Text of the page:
With the first major Impressionist, Modern and Contemporary sales of the year already taking place in New York and London, now is a good time to look closer to home and take a stab at predicting which work by local artists may appreciate in value.
Ann Petherick has as good an eye as any when it comes to spotting talent, having run the Kentmere House Gallery overlooking the Knavesmire in York with husband David since 1991.
The gallery – in a Victorian house which was once home to a Methodist minister – specialises in exhibiting original work by professional living artists from Yorkshire and further afield. Some are already nationally known; others are talented newcomers being given their first break.
First rule for new collectors is to buy what you like – not because you think a painting will increase in value. But it’s still fun to back your own judgement in spotting which artists will make it to the top, rather like football scouts who scour the country looking for future Premier League hotshots.
Ann picks out Richard Pikesley, youngest ever member of the New English Art Club in the early 1980s and now its president, whose small oils she was was buying in 1984 for under £50. Now there is little to be had under £1,000 and prices could well rise. Burnley-born Liam Spencer is another example. She first bought his work in Manchester in 1989 for £60 and nowadays his paintings sell for up to £3,000 each. Again, they could go higher.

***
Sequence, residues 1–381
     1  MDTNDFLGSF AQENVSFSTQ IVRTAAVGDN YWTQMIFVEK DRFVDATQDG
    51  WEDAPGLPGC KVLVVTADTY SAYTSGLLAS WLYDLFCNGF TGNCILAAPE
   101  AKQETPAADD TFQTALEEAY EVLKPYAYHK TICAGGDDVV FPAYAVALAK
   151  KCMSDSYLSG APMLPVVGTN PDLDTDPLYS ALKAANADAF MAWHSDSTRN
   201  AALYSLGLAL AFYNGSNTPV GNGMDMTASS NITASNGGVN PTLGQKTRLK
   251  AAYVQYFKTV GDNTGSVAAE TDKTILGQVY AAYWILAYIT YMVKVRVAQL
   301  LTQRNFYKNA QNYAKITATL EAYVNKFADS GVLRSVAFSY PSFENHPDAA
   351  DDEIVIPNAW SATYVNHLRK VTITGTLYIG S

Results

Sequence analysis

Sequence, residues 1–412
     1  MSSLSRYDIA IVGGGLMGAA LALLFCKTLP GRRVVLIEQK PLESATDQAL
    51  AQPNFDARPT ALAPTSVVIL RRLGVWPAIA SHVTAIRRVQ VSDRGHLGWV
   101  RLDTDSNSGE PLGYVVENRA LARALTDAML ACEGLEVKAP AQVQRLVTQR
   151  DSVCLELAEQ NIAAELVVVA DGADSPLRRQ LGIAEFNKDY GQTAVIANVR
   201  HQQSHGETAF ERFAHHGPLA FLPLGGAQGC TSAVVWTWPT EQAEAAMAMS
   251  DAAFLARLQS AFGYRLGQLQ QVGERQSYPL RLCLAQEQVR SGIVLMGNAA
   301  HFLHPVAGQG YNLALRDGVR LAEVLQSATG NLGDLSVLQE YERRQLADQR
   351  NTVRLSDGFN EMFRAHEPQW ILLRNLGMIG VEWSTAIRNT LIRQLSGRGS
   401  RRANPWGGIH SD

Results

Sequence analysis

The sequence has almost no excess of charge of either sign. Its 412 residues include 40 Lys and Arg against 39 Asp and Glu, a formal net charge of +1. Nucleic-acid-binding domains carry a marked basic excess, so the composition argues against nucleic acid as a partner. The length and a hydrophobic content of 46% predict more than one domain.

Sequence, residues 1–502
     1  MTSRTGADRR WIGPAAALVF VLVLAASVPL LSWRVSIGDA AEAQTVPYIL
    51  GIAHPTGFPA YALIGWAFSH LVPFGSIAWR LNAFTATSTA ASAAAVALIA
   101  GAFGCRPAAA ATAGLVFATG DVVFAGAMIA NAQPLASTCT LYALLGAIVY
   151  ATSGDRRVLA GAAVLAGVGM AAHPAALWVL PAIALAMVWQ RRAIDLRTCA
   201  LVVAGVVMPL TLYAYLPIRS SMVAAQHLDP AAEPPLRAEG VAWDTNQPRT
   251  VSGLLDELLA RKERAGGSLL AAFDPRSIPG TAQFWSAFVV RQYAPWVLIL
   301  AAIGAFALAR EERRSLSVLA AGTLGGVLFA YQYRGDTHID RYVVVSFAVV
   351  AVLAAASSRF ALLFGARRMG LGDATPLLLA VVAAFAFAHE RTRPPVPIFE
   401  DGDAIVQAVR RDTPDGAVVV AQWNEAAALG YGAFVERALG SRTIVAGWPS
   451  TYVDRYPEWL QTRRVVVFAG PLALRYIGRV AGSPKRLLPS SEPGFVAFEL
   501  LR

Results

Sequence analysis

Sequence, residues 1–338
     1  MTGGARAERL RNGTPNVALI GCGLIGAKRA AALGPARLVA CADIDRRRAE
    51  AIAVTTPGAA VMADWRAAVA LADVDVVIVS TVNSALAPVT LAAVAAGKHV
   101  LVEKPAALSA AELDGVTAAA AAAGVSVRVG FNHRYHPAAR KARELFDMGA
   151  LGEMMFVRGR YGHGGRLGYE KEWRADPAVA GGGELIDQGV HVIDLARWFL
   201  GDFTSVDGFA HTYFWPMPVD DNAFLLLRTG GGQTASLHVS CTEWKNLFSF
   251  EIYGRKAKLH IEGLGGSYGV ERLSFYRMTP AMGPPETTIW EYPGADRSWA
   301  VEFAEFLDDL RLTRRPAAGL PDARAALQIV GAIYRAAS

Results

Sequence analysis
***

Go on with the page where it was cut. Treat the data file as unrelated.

When Ann lived in Suffolk in the 1970s she got to know Tessa Newcomb, whose work was then somewhat overshadowed by that of her mother, the visionary painter Mary Newcomb, who died aged 86 in 2008. Tessa now exhibits at same Knightsbridge gallery in London as her mother... and prices are approaching similar £2,000-£3,000 levels.
Tadcaster artist Susan Bower is another whose work may make a sound investment. Ignored by the publicly-funded galleries in her native county, Kentmere House is her only gallery north of Watford and her work fetches £1,000-£3,250.
York-based Rachael Burnett, whose paintings of York Minster were exhibited two years ago, is another worth watching. North Yorkshire artist Myles Linley is also a tip for the future, along with York-born John Thornton and printmaker John Brunsdon, who died in 2014.
From my own observations, it may pay to watch out for work by local artists Walter Meegan, William Cave Day, Richard Eurich, Peter Brook, Fred Elwell and marine artist Jack Rigg. The recent closure of the UK’s last remaining deep coal mine at Kellingley has kindled nostalgia and the output of the Pitmen Painters, notably Norman Cornish and Tom McGuinness, may be worth an investment.